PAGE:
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Sound production mechanism in triggerfish (Balistidae): a synapomorphy
Raick, X.; Lecchini, D.; Kéver, L.; Colleye, O.; Bertucci, F.; Parmentier, E. (2018). Sound production mechanism in triggerfish (Balistidae): a synapomorphy. J. Exp. Biol. 221(1): jeb168948.
In: Journal of Experimental Biology. Cambridge University Press: London. ISSN 0022-0949; e-ISSN 1477-9145, more
Peer reviewed article  

Available in  Authors 
    VLIZ: Open Repository 332809 [ OMA ]

Author keywords
    Acoustic repertoire; Exaptation; Vocal communication; Swimbladder

Authors  Top 
  • Raick, X., more
  • Lecchini, D.
  • Kéver, L., more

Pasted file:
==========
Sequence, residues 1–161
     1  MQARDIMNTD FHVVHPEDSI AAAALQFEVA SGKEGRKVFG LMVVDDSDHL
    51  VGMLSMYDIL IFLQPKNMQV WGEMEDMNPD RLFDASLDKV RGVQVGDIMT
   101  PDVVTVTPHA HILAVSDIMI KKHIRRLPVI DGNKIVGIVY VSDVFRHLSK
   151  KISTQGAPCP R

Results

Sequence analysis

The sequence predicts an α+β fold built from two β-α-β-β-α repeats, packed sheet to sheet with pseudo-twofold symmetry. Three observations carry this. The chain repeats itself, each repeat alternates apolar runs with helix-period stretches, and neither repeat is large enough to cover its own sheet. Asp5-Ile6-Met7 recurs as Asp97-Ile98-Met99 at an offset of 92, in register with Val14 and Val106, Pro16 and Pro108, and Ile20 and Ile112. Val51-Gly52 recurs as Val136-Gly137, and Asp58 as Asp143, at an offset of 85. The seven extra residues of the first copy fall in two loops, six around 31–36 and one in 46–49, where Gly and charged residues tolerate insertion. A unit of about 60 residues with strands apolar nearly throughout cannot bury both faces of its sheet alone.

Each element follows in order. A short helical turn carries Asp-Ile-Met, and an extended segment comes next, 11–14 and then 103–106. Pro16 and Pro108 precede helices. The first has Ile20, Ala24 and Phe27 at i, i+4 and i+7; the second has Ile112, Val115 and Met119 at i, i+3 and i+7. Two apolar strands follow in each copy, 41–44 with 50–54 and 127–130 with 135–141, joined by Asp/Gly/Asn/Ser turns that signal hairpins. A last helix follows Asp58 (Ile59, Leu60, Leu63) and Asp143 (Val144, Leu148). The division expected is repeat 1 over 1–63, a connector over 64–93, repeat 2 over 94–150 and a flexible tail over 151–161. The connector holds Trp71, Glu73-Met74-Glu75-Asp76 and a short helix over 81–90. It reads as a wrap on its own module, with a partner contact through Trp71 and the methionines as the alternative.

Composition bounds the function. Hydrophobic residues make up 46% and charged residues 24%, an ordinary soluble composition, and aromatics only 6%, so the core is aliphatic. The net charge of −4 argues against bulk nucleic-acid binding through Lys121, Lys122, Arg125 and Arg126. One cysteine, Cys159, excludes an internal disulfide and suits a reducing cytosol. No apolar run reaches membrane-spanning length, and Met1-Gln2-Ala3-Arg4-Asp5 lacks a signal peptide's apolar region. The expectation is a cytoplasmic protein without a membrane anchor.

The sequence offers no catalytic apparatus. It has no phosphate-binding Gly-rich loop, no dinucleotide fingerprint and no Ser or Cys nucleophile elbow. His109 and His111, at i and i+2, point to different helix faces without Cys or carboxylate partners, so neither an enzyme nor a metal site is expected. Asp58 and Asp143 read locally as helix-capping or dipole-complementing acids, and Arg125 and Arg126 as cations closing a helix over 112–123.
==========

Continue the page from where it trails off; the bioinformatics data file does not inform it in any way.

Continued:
The ability to produce sounds for acoustic communication is known in different Balistidae species but the eventual synapomorphic aspect of the mechanism remains to be shown. In Rhinecanthus aculeatus, sounds result from alternate sweeping movements of the right and left pectoral fins, which push a system of three scutes against the swim bladder wall. In this study, we made a comparison between the sounds produced by this species and two additional ones (Balistapus undulatus and Rhinecanthus rectangulus) using hand-held specimens to provide a description of the sound mechanism. The results highlighted that the sound production mechanism is similar in the three species. According to recent phylogenetic data and shared morphological features, this mechanism could be common to the majority of Balistidae family members and all species could be capable of sound production using pectoral fins.

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